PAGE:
Wonka (PG) ★★★

Review Date: December 13th, 2023

Even though it is rather obviously trading on a familiar and beloved brand, Wonka is nevertheless a fun and imaginative family film - certainly better than one might expect from a production crassly viewed by some as a "cash grab." While the movie is set up as a prequel to the 1971 film Willy Wonka and the Chocolate Factory, it owes as much to The Greatest Showman as it does to the earlier movie. The narrative manages the difficult task of resurrecting the blended sweetness and nastiness of the original confection. Although the story is original and Roald Dahl is credited only as the creator of the characters, the tone is reflective of his work. While Tim Burton leaned heavily into the dark weirdness of Dahl and Mel Stuart preferred to lighten the mood, Paul King skates a line in between the two.

2023 hasn't been an especially good year for family entertainment. Most releases have either been too childish for adults to enjoy or too "mature" for younger kids to appreciate. Wonka is one of the few (and perhaps the only live action example) to find a happy medium. It's softer than the PG-13 Barbie and not as juvenile as the various cartoon movies that have dotted the landscape. Altogether, although far from a perfect motion picture, Wonka is better than one might expect because it pays homage to the Gene Wilder iteration while telling its own story.

The narrative transpires about 15-20 years prior to the events related in Willy Wonka and the Chocolate Factory (or, alternately, the 2005 Burton remake, Charlie and the Chocolate Factory) in an anonymous European city. That's where a wet-behind-the-ears chocolatier, Willy Wonka (Timothee Chalamet), arrives to make his fortune by opening a shop at the Galeries Gourmet. Unfortunately, as good as Willy's wares are (and they are very good), they can't save him from those who would prey on his naivete, like the innkeeper Mrs. Scrubbit (Olivia Colman), or the leaders of the city's Chocolate Syndicate, Mssrs. Slugworth (Paterson Joseph), Prodnose (Matt Lucas), and Fickelgruber (Matthey Bayton).

Willy soon finds himself in a perilous position. Unable to pay for his room, he becomes an indentured servant to Mrs. Scrubbit, who forces him to slave away in a launderette. While there, he bonds with the other workers, including the grumpy Abacus Crunch (Jim Carter), and befriends Mrs. Scrubbit's serving girl, Noodle (Calah Lane). He also notices a small orange man following him around; he will later learn that this is Lofty (Hugh Grant), an Oompa-Loompa. Willy is determined not to be defeated by his dire circumstances and hatches an improbable plan by which he will escape from Mrs. Scrubbit's clutches and achieve his dream despite the opposition from the syndicate and their bought-and-paid-for police chief (Keegan-Michael Key).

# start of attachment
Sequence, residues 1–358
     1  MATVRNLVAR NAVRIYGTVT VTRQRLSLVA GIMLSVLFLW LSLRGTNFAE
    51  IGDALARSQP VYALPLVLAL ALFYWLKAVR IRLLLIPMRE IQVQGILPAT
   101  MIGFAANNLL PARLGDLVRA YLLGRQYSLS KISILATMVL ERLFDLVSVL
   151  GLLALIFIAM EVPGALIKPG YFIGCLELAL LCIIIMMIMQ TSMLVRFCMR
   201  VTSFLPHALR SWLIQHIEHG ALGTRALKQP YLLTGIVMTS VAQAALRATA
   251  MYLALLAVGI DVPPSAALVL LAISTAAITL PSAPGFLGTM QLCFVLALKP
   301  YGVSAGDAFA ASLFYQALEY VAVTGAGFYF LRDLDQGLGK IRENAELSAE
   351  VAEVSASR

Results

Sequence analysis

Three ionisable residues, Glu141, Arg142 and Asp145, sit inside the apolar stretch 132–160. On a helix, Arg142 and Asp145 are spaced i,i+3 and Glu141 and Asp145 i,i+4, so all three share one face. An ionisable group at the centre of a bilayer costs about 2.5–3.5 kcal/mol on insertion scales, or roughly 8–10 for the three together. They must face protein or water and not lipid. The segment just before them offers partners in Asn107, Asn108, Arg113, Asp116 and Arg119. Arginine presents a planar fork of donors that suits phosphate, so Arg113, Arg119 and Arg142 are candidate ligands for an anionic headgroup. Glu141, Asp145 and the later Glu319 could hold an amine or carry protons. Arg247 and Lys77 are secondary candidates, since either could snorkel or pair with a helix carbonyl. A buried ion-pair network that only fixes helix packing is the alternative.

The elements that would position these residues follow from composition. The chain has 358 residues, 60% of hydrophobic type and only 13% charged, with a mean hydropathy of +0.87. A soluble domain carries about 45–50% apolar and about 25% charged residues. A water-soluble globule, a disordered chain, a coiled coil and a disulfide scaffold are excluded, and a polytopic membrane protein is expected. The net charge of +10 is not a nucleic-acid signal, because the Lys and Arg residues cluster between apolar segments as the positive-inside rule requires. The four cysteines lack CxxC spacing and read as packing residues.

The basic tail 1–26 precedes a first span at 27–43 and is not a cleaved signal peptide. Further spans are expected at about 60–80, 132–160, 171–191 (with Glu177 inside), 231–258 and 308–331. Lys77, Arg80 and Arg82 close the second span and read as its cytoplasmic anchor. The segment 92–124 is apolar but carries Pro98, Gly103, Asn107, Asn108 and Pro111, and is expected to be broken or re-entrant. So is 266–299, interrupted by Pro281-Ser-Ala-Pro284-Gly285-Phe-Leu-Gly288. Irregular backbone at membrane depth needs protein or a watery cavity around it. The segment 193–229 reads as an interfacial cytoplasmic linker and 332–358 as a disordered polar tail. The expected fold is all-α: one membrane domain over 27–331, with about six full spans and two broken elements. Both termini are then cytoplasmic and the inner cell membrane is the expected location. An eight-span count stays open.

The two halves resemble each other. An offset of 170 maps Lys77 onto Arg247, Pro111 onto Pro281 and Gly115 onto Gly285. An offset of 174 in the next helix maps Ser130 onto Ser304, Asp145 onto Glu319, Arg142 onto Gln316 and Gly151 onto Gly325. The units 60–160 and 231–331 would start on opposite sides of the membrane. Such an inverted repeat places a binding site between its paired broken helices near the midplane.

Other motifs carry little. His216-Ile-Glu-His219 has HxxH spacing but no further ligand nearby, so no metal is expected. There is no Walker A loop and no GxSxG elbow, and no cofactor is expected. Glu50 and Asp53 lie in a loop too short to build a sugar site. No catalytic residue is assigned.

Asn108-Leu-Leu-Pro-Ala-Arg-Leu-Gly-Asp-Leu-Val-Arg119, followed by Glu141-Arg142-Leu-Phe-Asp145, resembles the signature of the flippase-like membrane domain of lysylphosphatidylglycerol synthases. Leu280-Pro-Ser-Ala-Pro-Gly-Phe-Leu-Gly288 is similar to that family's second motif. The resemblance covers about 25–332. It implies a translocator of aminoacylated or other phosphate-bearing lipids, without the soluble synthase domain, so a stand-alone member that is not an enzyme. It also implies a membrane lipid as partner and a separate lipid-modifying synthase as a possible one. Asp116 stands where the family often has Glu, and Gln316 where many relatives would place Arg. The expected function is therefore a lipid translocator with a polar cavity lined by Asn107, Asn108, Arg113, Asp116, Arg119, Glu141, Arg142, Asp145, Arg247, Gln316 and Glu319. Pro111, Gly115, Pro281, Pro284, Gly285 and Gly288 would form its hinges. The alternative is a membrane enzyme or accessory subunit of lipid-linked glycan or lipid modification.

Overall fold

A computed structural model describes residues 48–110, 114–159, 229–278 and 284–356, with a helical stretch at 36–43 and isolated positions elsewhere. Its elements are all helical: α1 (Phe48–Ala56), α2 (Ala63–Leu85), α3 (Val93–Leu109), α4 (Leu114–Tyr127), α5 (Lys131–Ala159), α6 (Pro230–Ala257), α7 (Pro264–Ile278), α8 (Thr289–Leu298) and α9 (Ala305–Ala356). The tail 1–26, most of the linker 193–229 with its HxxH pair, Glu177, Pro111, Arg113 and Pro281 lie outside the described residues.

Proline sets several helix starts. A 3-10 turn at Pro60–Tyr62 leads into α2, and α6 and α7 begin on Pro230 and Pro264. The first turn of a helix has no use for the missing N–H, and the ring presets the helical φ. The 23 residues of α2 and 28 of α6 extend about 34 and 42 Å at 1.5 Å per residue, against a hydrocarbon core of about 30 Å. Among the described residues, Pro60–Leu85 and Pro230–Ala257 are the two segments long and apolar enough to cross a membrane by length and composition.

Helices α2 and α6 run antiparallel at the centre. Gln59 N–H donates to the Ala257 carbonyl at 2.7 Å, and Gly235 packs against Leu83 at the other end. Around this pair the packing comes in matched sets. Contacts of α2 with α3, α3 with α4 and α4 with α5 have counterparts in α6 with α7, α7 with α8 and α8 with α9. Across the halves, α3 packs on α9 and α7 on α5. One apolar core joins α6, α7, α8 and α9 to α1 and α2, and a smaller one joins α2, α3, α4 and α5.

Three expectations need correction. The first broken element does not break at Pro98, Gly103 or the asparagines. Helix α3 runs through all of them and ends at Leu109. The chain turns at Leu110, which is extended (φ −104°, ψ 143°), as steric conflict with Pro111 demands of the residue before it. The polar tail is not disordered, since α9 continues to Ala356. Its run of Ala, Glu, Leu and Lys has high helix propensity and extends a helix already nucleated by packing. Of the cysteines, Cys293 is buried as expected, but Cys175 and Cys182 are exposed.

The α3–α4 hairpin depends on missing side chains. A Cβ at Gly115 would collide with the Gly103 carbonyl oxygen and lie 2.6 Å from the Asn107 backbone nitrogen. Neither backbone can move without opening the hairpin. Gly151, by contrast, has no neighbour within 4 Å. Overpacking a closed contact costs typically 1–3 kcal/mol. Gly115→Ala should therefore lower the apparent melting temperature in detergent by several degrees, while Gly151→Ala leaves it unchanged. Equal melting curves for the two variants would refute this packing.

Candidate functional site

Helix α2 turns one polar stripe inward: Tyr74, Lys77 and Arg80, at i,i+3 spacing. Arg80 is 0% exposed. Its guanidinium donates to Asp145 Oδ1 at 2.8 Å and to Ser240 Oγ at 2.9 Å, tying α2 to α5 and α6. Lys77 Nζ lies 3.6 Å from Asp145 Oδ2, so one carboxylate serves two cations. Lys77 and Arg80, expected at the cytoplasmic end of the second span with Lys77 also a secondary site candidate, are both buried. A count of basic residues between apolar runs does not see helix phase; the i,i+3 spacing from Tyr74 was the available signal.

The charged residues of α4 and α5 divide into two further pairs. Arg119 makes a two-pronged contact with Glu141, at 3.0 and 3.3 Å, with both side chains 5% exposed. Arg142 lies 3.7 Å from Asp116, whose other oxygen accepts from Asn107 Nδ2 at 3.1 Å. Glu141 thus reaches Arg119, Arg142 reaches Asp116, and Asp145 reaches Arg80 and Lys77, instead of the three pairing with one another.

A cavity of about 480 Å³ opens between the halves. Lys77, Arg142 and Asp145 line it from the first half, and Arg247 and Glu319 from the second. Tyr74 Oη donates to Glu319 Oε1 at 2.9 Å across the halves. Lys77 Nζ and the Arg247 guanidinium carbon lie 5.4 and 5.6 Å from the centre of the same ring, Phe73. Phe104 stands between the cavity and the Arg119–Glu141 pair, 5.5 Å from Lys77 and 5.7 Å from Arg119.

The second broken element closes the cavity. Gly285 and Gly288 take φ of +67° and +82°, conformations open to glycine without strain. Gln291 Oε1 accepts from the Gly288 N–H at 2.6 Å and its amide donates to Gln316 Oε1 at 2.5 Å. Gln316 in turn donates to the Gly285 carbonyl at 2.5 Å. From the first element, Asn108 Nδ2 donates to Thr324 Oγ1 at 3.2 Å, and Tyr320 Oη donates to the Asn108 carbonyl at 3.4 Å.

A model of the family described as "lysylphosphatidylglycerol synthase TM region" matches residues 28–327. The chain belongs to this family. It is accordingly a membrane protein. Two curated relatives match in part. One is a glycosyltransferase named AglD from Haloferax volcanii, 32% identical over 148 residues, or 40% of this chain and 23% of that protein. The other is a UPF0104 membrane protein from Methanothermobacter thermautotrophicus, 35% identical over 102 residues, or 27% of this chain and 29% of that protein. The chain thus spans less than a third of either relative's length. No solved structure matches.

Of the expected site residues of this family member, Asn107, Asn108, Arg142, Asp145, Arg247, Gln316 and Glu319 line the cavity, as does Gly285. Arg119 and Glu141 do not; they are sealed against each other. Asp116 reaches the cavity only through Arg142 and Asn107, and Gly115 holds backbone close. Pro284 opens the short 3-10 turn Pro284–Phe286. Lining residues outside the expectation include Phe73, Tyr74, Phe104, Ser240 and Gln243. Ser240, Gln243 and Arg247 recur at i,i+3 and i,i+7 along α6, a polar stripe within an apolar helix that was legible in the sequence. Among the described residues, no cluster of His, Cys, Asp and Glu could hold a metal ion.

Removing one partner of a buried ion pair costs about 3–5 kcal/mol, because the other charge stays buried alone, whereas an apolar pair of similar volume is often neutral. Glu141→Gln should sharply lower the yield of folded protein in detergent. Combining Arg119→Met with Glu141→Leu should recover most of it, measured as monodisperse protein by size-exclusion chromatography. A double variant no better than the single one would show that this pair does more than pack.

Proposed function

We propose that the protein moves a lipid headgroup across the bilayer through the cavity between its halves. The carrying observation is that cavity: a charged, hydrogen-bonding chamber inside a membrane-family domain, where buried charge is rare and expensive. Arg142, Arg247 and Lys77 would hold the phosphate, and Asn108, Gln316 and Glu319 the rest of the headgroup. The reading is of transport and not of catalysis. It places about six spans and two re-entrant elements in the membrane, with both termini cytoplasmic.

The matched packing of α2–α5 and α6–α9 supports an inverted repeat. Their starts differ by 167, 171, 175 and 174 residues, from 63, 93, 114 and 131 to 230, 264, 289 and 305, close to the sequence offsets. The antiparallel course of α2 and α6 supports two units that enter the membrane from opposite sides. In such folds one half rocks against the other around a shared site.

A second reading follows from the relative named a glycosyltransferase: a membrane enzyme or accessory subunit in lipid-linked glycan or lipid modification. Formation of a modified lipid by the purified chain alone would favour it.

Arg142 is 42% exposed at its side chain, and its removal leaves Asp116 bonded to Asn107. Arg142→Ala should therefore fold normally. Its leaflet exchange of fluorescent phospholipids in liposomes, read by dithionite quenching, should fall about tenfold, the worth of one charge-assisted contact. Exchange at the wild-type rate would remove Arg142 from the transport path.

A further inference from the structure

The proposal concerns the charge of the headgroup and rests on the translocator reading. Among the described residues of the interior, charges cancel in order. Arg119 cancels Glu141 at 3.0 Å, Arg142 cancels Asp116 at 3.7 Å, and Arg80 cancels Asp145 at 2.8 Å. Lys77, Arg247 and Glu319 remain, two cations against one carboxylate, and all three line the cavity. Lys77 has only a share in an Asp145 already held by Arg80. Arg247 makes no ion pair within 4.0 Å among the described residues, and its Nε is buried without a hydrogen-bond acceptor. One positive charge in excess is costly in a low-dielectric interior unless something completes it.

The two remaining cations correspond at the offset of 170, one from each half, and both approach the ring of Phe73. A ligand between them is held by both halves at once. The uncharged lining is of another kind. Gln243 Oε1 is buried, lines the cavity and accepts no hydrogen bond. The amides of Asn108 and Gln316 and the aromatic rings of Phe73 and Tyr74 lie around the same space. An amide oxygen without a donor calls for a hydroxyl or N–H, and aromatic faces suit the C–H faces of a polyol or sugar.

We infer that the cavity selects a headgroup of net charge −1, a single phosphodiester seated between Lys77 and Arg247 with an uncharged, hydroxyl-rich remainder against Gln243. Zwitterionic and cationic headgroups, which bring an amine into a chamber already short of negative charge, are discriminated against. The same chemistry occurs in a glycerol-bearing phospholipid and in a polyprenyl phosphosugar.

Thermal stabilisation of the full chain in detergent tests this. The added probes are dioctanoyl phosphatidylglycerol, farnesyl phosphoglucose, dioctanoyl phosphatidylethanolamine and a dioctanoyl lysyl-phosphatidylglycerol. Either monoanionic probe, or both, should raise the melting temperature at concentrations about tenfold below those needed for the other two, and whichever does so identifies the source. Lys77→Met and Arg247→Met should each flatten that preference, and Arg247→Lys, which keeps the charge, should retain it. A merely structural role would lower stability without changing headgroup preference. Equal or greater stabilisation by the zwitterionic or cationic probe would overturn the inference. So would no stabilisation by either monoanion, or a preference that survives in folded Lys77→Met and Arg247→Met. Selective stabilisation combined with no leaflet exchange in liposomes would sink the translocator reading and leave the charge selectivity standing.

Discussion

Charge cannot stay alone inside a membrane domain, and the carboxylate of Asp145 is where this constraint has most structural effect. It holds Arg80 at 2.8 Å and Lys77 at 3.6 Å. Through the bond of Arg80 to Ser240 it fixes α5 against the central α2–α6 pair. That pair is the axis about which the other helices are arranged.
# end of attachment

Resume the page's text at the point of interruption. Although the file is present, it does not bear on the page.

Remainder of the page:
Wonka is sometimes funny, sometimes weird, and sometimes silly. The musical nature of the production requires quite a bit of singing. In addition to several new songs composed by Neil Hannon and Joby Talbot, some of which are catchy, the movie brings back a couple of classics from Willy Wonka and the Chocolate Factory: the Leslie Bricusse/Anthony Newley numbers "Oompa-Loompa" (with reworked lyrics) and "Pure Imagination." Sadly, there was no room for "The Candy Man." Generally speaking, the music in Wonka could be considered a high point...with one reservation. As energetic and charismatic as he might be as an actor, Chalamet is a horrible singer. His strident crooning of "A World of Your Own" makes the otherwise enjoyable tune into an exercise in endurance.

Chalamet's performances echoes that of Gene Wilder without aping him. Whereas Wilder's Wonka was an enigmatic presence, Chalamet's portrayal is uniformly appealing. He is surrounded by an impressive supporting cast that includes Olivia Colman, the gruff Jim Carter (best known as Mr. Carson in Downton Abbey), and Sally Hawkins (as Willy's mom and the inspiration for all his endeavors). Hugh Grant has been cut down to size and colored up (Grant, in typical fashion, indicates he hated playing the part). And Keegan-Michael Key gets to start the film looking somewhat normal before plumping up to resemble Mr. Creosote in one of the movie's best sight gags.

The set design is fantastical without being overbearing and, late in the proceedings, provide a direct link to Willy Wonka and the Chocolate Factory. The humor varies from endearing to subversive. There are instances when one might wonder whether someone from Monty Python snuck in and wrote a few lines. Cash-grab or not, Wonka is a welcome parfait to top off the meatier entrees that the film industry offers at this time of year.

© 2023 James Berardinelli